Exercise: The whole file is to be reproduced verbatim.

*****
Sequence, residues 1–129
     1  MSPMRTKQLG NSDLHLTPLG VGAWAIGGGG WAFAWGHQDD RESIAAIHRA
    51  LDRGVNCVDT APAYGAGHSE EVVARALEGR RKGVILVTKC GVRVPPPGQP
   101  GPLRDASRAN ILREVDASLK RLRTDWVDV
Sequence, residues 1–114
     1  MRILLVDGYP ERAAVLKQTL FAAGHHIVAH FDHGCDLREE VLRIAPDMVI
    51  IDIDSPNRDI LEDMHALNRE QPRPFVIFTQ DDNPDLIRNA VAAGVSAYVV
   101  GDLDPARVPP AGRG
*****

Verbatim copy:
Sequence, residues 1–129
     1  MSPMRTKQLG NSDLHLTPLG VGAWAIGGGG WAFAWGHQDD RESIAAIHRA
    51  LDRGVNCVDT APAYGAGHSE EVVARALEGR RKGVILVTKC GVRVPPPGQP
   101  GPLRDASRAN ILREVDASLK RLRTDWVDV
Sequence, residues 1–114
     1  MRILLVDGYP ERAAVLKQTL FAAGHHIVAH FDHGCDLREE VLRIAPDMVI
    51  IDIDSPNRDI LEDMHALNRE QPRPFVIFTQ DDNPDLIRNA VAAGVSAYVV
   101  GDLDPARVPP AGRG